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I have a class that is a super-class to many other classes. I would like to know (in the init() of my super-class if the subclass has overridden a specific method.

I tried to accomplish this with a class method, but the results were wrong:

class Super:
   def __init__(self):
      if self.method == Super.method:
         print 'same'
      else:
         print 'different'

   @classmethod
   def method(cls):
      pass

class Sub1(Super):
   def method(self):
      print 'hi'

class Sub2(Super):
   pass

Super() # should be same
Sub1() # should be different
Sub2() # should be same

>>> same
>>> different
>>> different

Is there any way for a super-class to know if a sub-class has overridden a method?

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1  
Could you say a few words about why you'd want to do that? –  NPE Feb 24 '12 at 19:21
    
Nothing comes to mind immediately, but if you include docstrings for your methods, then they get overwritten when the method is overridden. You should therefore be able to track it with MyClass.methodname.__doc__. But I find this solution to be very hack, which is why I'm not posting it as an answer –  inspectorG4dget Feb 24 '12 at 19:21
    
Basically I want to have the super-class have these methods defined as just 'pass' and have a separate method (actually init) call these functions. I would like to have init put in print statements that say we are starting or ending the function, but if that function is still null, these statements look out of place, and I would like to do away with them. –  Brian Feb 24 '12 at 19:52
2  
@Brian Why not make these print statements part of the methods in the subclass instead of in the superclass? –  katrielalex Feb 24 '12 at 20:04
    
Part of the goal of the super-class is to remove the need to add these common items to the sub-classes. There is one super-class, and many sub-classes. –  Brian Feb 24 '12 at 22:19

3 Answers 3

up vote 4 down vote accepted

You can use your own decorator. But this is a trick and will only work on classes where you control the implementation.

def override(method):
  method.is_overridden = True
  return method

class Super:
   def __init__(self):
      if hasattr(self.method, 'is_overridden'):
         print 'different'
      else:
         print 'same'
   @classmethod
   def method(cls):
      pass

class Sub1(Super):
   @override
   def method(self):
      print 'hi'

class Sub2(Super):
   pass

Super() # should be same
Sub1() # should be different
Sub2() # should be same

>>> same
>>> different
>>> same
share|improve this answer
    
I went in just a slightly different direction, decorating my method with @native, and assuming the sub-classes will not. I think I'll do it this way since I don't have much control over the sub-classes. It works well, thank you for your help! –  Brian Feb 24 '12 at 20:46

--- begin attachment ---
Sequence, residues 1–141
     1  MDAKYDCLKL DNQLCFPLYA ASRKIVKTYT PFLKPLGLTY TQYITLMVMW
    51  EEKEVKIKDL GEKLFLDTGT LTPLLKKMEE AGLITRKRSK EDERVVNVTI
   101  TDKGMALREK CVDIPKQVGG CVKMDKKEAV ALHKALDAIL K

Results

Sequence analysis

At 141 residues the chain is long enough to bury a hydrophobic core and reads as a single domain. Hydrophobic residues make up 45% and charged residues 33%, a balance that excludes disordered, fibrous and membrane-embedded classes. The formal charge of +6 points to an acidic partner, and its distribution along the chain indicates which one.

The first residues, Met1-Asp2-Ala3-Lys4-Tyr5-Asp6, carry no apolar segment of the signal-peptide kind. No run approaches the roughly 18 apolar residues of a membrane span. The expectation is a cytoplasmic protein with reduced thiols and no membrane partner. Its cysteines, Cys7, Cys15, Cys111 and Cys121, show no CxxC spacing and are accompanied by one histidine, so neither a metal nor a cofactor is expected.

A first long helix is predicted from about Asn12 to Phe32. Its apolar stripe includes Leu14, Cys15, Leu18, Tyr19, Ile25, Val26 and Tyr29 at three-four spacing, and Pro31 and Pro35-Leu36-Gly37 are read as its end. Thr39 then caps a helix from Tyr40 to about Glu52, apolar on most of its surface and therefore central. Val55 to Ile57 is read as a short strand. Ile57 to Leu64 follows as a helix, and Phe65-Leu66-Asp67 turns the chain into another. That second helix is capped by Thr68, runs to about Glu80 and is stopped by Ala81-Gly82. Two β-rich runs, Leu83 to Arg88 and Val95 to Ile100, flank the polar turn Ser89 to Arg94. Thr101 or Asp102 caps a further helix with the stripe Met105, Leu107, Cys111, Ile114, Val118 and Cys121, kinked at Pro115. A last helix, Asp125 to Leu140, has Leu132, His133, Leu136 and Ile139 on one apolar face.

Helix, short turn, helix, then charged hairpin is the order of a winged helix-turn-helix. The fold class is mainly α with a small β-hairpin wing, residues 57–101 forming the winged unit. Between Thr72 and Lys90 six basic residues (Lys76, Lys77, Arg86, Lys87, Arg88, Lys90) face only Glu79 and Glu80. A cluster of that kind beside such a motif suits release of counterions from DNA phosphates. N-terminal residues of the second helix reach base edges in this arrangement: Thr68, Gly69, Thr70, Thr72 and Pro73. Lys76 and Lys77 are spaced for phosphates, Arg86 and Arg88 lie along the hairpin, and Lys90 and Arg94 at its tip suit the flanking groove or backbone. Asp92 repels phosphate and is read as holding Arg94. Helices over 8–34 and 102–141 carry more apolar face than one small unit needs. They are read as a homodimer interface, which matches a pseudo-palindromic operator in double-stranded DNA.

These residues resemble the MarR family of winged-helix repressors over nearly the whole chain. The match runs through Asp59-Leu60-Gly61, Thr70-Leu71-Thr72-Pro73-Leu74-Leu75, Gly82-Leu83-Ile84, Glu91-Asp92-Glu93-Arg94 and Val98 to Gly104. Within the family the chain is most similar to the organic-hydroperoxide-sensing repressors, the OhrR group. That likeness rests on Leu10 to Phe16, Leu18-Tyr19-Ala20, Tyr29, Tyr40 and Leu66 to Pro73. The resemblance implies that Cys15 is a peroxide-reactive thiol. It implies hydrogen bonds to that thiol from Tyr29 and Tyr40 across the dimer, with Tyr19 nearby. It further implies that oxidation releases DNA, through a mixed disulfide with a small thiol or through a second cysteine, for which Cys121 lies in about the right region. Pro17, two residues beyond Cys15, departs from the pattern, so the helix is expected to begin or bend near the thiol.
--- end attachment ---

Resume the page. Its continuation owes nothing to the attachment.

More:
You can compare whatever is in the class's __dict__ with the function inside the method you can retrieve from the object - the "detect_overriden" functionbellow does that - the trick is to pass the "parent class" for its name, just as one does in a call to "super" - else it is not easy to retrieve attributes from the parentclass itself instead of those of the subclass:

# -*- coding: utf-8 -*-
from types import FunctionType

def detect_overriden(cls, obj):
    res = []
    for key, value in cls.__dict__.items():
        if isinstance(value, classmethod):
            value = getattr(cls, key).im_func
        if isinstance(value, (FunctionType, classmethod)):
            meth = getattr(obj, key)
            if not meth.im_func is  value:
                res.append(key)
    return res


# Test and example
class A(object):
    def  __init__(self):
        print detect_overriden(A, self)

    def a(self): pass
    @classmethod
    def b(self): pass
    def c(self): pass

class B(A):
    def a(self): pass
    #@classmethod
    def b(self): pass

edit changed code to work fine with classmethods as well: if it detects a classmethod on the parent class, extracts the underlying function before proceeding.

-- Another way of doing this, without having to hard code the class name, would be to follow the instance's class ( self.__class__) method resolution order (given by the __mro__ attribute) and search for duplicates of the methods and attributes defined in each class along the inheritance chain.

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It seems simplest and sufficient to do this by comparing the common subset of the dictionaries of an instance and the base class itself, e.g.:

def detect_overridden(cls, obj):
  common = cls.__dict__.keys() & obj.__class__.__dict__.keys()
  diff = [m for m in common if cls.__dict__[m] != obj.__class__.__dict__[m]]
  print(diff)

def f1(self):
  pass

class Foo:
  def __init__(self):
    detect_overridden(Foo, self)
  def method1(self):
    print("Hello foo")
  method2=f1

class Bar(Foo):
  def method1(self):
    print("Hello bar")
  method2=f1 # This is pointless but not an override
#  def method2(self):
#    pass

b=Bar()
f=Foo()

Runs and gives:

['method1']
[]
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